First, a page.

National/subnational decision-makers and health system managers want cause of death data for planning, budgeting, and resource allocation and for monitoring and reporting to donors. The ability to track trends over time is more important than cross-country comparability. Uncertainty is problematic, especially when data are needed to inform allocation of resources. Data need to be actionable and program relevant, implying an interest in information on socio-economic determinants of mortality [9]. Data collection instruments should be feasible and cost-effective to implement and adaptable to local circumstances and conditions.

Disease-specific programs want data that highlight specific areas of interest and data collection instruments that are feasible, appropriate, and program relevant. They often have a particular interest in data on socio-economic and health system factors associated with avoidable mortality.

Beyond the health sector, civil registrars-general and national statistics offices want mortality information generated through verbal autopsy to complement data from routine administrative sources. Data collection instruments should be endorsed by technical partners such as WHO and should be simple and straightforward for implementation in routine registration encounters.

Can one size fit all?

Given the variety of users and uses, it is legitimate to ask whether a single data collection instrument can respond to all user demands [10]. However, it would be a retrograde step to revert to a situation characterized by the coexistence of multiple, divergent tools. Instead, the research community should focus on developing methods that are aligned with core standards but can be implemented through modular approaches, adapted to local circumstances and information needs. In doing so, it is important to reflect on the potential of extending the current WHO verbal autopsy standards to incorporate socio-economic, community, behavioral, and health system determinants of mortality.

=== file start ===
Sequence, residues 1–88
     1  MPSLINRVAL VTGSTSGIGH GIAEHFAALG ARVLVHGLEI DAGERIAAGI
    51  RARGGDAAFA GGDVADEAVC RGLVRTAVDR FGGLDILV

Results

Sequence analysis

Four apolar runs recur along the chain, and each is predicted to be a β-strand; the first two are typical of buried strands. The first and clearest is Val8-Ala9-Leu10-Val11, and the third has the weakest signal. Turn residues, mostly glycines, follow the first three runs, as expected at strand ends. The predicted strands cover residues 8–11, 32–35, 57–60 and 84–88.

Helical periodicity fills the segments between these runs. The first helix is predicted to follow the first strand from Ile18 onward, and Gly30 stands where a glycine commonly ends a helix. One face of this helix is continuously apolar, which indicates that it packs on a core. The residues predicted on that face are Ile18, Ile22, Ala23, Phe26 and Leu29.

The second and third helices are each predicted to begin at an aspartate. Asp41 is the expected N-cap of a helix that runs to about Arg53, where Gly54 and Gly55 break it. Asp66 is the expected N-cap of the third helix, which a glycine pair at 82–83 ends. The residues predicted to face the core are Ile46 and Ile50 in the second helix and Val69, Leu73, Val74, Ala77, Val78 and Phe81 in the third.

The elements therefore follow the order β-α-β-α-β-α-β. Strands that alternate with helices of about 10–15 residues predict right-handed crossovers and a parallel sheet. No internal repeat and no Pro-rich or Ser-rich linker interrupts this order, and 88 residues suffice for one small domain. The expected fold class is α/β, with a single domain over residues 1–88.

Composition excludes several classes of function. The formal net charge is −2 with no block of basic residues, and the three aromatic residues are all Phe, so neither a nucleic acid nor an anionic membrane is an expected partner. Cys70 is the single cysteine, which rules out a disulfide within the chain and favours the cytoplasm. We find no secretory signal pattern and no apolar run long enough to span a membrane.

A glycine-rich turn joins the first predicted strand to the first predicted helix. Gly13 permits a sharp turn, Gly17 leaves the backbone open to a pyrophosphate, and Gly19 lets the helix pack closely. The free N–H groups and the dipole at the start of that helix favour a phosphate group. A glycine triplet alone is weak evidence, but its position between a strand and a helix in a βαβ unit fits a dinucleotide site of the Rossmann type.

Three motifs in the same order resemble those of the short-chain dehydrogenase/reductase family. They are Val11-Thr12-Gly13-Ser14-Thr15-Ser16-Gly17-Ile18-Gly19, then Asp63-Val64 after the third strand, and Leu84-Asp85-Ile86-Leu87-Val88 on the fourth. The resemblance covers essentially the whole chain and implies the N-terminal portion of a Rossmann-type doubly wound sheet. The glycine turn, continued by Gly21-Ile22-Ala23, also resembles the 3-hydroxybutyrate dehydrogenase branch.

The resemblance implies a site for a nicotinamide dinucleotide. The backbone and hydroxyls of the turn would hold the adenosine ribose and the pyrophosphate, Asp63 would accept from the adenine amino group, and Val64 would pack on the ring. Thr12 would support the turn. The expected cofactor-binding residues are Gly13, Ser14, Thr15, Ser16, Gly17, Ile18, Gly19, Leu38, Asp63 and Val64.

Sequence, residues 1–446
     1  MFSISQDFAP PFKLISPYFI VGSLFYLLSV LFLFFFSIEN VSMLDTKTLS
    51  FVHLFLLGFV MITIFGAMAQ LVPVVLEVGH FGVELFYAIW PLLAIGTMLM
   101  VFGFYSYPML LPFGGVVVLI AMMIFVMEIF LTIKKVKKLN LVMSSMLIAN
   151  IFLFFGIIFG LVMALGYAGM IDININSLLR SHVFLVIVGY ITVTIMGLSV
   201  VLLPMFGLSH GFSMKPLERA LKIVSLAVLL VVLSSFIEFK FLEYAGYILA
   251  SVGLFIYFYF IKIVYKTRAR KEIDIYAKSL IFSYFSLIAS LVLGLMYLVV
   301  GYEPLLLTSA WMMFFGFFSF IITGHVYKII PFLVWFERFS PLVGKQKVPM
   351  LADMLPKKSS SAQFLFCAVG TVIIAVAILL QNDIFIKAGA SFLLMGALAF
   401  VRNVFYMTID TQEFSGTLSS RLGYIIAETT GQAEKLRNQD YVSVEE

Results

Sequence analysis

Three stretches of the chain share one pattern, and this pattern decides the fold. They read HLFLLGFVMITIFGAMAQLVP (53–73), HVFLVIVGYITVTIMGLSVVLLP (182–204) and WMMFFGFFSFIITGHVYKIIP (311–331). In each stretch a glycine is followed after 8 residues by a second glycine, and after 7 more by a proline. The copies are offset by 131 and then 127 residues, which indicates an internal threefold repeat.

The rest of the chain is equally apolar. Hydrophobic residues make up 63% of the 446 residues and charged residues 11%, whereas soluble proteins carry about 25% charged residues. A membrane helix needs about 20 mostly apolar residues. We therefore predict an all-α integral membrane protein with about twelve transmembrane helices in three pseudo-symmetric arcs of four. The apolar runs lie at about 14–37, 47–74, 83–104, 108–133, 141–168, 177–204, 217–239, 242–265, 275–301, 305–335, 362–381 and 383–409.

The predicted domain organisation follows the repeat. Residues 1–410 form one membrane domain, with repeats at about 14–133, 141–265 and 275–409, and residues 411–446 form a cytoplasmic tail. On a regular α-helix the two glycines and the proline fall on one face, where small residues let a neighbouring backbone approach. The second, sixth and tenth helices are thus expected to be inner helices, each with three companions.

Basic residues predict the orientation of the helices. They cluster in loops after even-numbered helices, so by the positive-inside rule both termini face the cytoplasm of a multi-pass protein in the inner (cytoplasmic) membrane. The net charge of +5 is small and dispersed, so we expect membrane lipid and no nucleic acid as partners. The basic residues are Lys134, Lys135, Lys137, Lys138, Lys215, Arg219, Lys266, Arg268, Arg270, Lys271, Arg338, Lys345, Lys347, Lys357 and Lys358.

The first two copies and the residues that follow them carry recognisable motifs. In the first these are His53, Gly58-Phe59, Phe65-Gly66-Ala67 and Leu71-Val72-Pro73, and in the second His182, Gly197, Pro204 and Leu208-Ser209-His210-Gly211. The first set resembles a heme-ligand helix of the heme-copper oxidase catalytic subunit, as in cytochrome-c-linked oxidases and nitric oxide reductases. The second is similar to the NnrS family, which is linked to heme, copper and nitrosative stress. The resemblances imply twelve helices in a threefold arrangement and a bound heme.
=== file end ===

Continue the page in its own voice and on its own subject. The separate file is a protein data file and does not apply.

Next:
For verbal autopsy methods to successfully extend their reach from research to routine application, a solid standards-based foundation will be essential, but so will a degree of flexibility and responsiveness to user requirements. New challenges will emerge, many of which will require local-level operations and implementation research to resolve. Building the evidence base of what works and where will be critical for demonstrating to potential users that the techniques can indeed generate data that are both robust and fit for purpose. This implies rigorous validation to ensure that the data generated are reliable and scientifically sound, coupled with testing of the instruments for feasibility, sustainability, and local relevance. Both sets of criteria will need to be met if the results of verbal autopsy are to be used effectively to inform policies and programming.

Declarations

Authors’ Affiliations

(1)
Health Metrics Network, World Health Organization

References

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Copyright

© AbouZahr; licensee BioMed Central Ltd. 2011

This article is published under license to BioMed Central Ltd. This is an Open Access article distributed under the terms of the Creative Commons Attribution License (http://creativecommons.org/licenses/by/2.0), which permits unrestricted use, distribution, and reproduction in any medium, provided the original work is properly cited.